Entertainment/Social Life in a bush community?

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Entertainment/Social Life in a bush community?

Postby jamieburgess » Mon Apr 27, 2015 7:12 pm

I will be a new administrator in the Yupiit school district (close to Bethel). My family (husband and kids) are staying in Phoenix for the time being until I determine if Alaska is where I need to stay. I am learning that internet is expensive, and so is satellite TV. For those of you with experience living in a housing development provided by your district, is there socializing within the school employees? For example, game nights, etc. Do the administrators socialize with the teachers and other staff or is this a no-no? I will not be a principal or assistant principal. I am not a super social person, but it will be hard to be completely alone without any family members. Any thoughts to share?
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Re: Entertainment/Social Life in a bush community?

Postby cyclone67 » Wed Apr 29, 2015 8:18 pm

Yes there are plenty of game nights, dinners, sledding and activities. Where I have been there are no rules about fraternizing between teachers and admin. There's also community activities like bingo, dancing, and drumming. Just leave the shop talk at home!
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Re: Entertainment/Social Life in a bush community?

Postby Johncn » Thu Apr 30, 2015 5:06 am

Hi,

I don't know about the specific school / village you are going to be in, but in general, yes, the school district staff in a village are both co-workers and a social support network. You live (housing is usually a series of district owned apartments or duplexes) and work together. In dry villages, staff members often organize (as the other post says) game nights, poker games, movie nights, watching the football games on TV, dinner parties, and other social events at the teacher housing units. This applies to district level staff, too. You will not feel isolated socially unless you choose to be a recluse. ;-)

Regards,

John
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Re: Entertainment/Social Life in a bush community?

Postby ElemEducator » Thu Apr 30, 2015 7:53 am

There will most likely be plenty of opportunities for you to hang out and socialize with co-workers. We get together once in a while for four wheeler rides, games, bonfires, dinner, etc.

At times, it can be a bit overwhelming working and living around the same people all day everyday, but you tend to get used to it.
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Re: Entertainment/Social Life in a bush community?

Postby Bushteachers » Fri May 08, 2015 12:54 pm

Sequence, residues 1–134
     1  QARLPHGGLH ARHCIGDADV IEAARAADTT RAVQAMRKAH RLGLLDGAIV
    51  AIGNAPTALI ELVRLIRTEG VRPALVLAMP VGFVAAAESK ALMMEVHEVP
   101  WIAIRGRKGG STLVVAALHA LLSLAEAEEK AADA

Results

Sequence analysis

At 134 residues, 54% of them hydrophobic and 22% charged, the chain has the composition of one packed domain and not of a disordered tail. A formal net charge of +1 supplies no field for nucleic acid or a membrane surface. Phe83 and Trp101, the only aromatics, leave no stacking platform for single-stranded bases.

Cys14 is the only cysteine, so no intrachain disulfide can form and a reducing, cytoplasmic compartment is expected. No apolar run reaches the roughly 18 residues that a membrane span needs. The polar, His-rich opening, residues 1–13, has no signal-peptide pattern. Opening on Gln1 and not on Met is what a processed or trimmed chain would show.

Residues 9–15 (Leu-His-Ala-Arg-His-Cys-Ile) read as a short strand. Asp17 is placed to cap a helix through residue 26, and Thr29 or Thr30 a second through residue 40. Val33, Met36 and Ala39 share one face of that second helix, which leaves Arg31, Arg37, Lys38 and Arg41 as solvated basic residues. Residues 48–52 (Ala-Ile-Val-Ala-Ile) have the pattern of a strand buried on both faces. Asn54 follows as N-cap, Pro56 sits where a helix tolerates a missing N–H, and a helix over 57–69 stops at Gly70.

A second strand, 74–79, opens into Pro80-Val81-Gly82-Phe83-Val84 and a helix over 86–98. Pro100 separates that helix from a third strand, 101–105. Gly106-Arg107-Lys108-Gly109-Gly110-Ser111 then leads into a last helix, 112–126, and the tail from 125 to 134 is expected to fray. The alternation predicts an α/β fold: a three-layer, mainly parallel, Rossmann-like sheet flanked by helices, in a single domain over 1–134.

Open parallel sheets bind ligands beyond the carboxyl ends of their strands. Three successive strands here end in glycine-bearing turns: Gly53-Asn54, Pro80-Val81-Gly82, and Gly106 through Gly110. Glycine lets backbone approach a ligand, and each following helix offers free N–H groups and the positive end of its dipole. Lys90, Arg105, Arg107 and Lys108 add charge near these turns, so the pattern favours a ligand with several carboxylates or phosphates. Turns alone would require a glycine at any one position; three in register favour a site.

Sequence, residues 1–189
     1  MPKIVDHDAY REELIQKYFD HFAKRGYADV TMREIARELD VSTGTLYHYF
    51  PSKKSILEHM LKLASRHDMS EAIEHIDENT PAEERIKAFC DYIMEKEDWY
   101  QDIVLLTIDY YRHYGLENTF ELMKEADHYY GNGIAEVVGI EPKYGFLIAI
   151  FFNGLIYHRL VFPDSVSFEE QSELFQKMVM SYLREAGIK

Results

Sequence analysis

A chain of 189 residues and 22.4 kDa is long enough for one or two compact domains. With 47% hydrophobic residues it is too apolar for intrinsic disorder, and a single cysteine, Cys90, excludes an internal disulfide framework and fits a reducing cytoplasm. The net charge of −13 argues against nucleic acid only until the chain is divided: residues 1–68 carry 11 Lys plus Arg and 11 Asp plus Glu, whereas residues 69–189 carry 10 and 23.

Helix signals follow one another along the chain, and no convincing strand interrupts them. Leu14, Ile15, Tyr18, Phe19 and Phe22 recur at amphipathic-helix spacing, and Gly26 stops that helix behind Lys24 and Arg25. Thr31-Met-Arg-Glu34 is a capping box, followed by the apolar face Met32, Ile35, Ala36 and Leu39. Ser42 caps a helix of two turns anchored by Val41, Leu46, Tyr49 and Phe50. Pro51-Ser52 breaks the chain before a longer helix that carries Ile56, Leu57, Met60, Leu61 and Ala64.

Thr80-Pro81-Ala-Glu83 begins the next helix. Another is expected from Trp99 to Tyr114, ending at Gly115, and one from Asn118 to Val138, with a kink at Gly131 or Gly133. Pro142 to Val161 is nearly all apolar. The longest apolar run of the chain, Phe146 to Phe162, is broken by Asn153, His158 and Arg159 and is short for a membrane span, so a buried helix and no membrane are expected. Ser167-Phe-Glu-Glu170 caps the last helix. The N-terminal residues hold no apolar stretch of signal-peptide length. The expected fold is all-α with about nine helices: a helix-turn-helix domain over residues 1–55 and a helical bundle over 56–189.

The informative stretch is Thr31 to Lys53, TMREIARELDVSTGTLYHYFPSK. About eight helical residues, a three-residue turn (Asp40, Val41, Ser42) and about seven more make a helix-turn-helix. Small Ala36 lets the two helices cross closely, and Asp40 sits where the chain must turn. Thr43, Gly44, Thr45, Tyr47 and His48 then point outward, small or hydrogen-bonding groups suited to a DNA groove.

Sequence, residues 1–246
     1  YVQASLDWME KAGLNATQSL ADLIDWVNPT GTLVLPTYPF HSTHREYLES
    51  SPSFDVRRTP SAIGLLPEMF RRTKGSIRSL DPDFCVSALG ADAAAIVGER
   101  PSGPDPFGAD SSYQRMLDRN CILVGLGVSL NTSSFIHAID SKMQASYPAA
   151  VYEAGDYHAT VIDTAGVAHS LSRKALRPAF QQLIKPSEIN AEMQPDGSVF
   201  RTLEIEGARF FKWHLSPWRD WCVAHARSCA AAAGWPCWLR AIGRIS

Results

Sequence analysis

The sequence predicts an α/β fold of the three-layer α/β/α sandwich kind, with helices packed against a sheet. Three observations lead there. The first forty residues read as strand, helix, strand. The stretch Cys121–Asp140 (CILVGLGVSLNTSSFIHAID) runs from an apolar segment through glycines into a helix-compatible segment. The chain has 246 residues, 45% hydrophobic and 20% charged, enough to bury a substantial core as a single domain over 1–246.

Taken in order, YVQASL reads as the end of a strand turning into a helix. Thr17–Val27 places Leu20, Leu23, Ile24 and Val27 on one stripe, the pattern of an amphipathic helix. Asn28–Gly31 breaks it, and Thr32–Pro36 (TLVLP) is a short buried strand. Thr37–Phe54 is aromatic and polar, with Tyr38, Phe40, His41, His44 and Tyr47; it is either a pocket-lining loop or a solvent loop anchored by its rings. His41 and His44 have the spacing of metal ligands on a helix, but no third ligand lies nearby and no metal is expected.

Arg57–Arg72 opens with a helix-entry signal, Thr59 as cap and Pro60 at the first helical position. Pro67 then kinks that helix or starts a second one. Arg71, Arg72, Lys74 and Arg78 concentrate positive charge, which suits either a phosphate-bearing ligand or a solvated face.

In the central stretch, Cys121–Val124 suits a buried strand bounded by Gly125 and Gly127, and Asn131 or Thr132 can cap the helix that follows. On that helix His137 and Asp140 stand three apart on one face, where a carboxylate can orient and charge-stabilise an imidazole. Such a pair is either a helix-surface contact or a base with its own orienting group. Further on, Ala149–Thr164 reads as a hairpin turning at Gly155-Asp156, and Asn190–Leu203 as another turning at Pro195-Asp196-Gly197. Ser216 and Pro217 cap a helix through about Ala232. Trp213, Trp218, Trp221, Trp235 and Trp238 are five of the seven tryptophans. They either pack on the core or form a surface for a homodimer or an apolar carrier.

jamieburgess wrote:I will be a new administrator in the Yupiit school district (close to Bethel). My family (husband and kids) are staying in Phoenix for the time being until I determine if Alaska is where I need to stay. I am learning that internet is expensive, and so is satellite TV. For those of you with experience living in a housing development provided by your district, is there socializing within the school employees? For example, game nights, etc. Do the administrators socialize with the teachers and other staff or is this a no-no? I will not be a principal or assistant principal. I am not a super social person, but it will be hard to be completely alone without any family members. Any thoughts to share?

All depends on your location. We tried this at our site and it just didn't work out. personality clashes or lack of effort stopped our meetings. Might be b/c of age differences between staff.

I know of others that get together all the time. Don't be afraid to mingle with the community. They love seeing teachers attending events.
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Re: Entertainment/Social Life in a bush community?

Postby jamieburgess » Sun May 10, 2015 3:00 pm

Thanks Bushteaching! I am aware that my new district has some major challenges ahead. I will be living in Akiachak, not Tuluksak, but I will be visiting that community frequently as part of my responsibilities. I don't have any rose-colored glasses ideas that I will come in and make everything better, but I do hope that working with the new superintendent and principals that I may be able to make some positive changes for the students in the district. I know that there has been a lot of teacher turnover and I know the problems with the amenities in the living quarters in Tuluksak probably was a big part of that - I know the district has placed a priority on not having these problems occur again.

I do appreciate your honesty about your experience - it's always valuable to hear from many individuals - and I appreciate you admit your experience may not be shared with others. I've been in education long enough to know that any leader is admired by some and disliked by others. I view this opportunity as a personal and professional growth experience. Thank you for sharing your expertise!
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